Public Hearing after EIA report is made public must be informed and consulted on the proposed
Summary of the EIA report have to be provided to the people affected due to the proposed
•Bonafied local resident
•Environmental groups active in the area
•Any other person located at the project site/sites of displacement
Consultation between the project proponent (assisted by a consultant) and the impact
assessment authority (assisted by an expert group if necessary).
The decision on environmental clearance is arrived at through a number of steps including
evaluation of EIA & EMP
Monitoring The Clearance Conditions:
•Monitoring should be done during both construction and operation phase of a project.
•This ensure that the commitments made are compiled and the if the prediction made in
the EIA report are correct.
•Corrective actions should be taken if the impact exceeds the predicted levels.
EIA Cycles & Procedures
Approved Not Approved
Information from this Process
contribute to Effective Future
typically occurs at
this stage it could
occur at any other
stage of the EIA
Components of EIA
Comprehensive EIA and Rapid EIA vary only in the time scale of the data supplied. i.e.
•Rapid EIA is for speedier appraisal process.
•Rapid EIA achieves this through the collection of ‘one season’ data, which ever is stressful
for the project, only to reduce the time required.
•But this is acceptable only if it does not compromise on the quality of decision making.
Depending on the nature, location and the scale of the project EIA report should contain all or
some of the following components:
•SOCIO-ECONOMIC & HEALTH ENVIRONMENT
•RISK ASSESSMENT •ENVIRONMENT MANAGEMENT PLAN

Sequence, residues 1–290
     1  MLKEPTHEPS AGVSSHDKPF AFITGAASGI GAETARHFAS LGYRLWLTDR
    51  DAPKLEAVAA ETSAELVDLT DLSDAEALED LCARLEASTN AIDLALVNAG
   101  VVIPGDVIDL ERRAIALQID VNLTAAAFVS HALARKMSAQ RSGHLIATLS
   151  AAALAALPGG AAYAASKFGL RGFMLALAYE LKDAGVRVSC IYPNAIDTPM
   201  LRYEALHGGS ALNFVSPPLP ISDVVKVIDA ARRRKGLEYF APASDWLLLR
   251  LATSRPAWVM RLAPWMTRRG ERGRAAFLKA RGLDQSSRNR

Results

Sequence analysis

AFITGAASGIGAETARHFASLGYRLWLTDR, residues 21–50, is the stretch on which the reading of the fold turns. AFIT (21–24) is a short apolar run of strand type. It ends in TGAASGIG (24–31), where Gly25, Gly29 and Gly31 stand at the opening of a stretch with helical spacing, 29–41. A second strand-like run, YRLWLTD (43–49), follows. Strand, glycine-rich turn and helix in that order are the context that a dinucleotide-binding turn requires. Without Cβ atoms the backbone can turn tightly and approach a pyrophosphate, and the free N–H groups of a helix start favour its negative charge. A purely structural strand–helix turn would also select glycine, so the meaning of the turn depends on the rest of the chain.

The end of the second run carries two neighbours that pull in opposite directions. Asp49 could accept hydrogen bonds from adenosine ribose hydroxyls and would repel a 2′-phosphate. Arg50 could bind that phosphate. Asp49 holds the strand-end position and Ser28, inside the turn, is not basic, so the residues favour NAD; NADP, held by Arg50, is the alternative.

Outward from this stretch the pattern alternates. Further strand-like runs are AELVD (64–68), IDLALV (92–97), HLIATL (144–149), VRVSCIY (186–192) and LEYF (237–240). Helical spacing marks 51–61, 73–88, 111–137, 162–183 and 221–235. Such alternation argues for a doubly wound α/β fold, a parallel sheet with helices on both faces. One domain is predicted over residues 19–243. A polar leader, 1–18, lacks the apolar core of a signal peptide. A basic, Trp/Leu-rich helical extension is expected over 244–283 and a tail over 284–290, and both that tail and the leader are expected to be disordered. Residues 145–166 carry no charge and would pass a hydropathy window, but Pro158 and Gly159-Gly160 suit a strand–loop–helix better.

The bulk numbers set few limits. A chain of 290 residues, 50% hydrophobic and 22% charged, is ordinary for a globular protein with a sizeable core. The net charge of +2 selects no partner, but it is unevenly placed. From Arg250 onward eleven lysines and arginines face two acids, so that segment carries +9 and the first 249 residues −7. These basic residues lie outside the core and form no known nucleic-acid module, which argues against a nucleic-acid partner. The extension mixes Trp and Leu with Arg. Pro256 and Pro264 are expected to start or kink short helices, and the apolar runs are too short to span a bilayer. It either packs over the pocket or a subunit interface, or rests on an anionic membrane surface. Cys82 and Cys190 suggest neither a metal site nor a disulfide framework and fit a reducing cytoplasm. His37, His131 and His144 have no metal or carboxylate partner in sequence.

• Determination of the impact zone and developing a monitoring network.
• Monitoring the existing status of ambient air quality within the impacted region (7-10 km
from the periphery)
• Monitoring site specific meteorological data – wind speed, wind direction, humidity,
ambient temperature and environmental lapse rate.
• Estimation of qualities of air emission from the proposed site.
• Identification and quantification and evaluation of other potential emissions within the
• Prediction of the changes in the ambient air quality through air quality model.
• Evaluation of the adequacy of the proposed pollution control devices to meet gaseous
emission and ambient air quality standards.
• Delineation of mitigation measures at source, pathways and receptors.
• Monitoring the present status of noise levels within the impact zone.
• Predicting the future noise levels resulted from the proposed project, including the
• Identification of impacts due to any anticipated rise in noise levels on the surrounding
• Recommendations on mitigation measures for noise pollution
• Study of existing ground and surface water resources with respect to quality and the
quantity within the impact zone of the proposed project.
• Prediction if the impact on the water resources due to may be pumping/ use of water in
• Quantification and characteristics of the waste water including toxic, organic from the
• Evaluation of the proposed pollution prevention and waste water treatment system if
• Prediction of impacts of effluents discharge on the quality of the receiving water body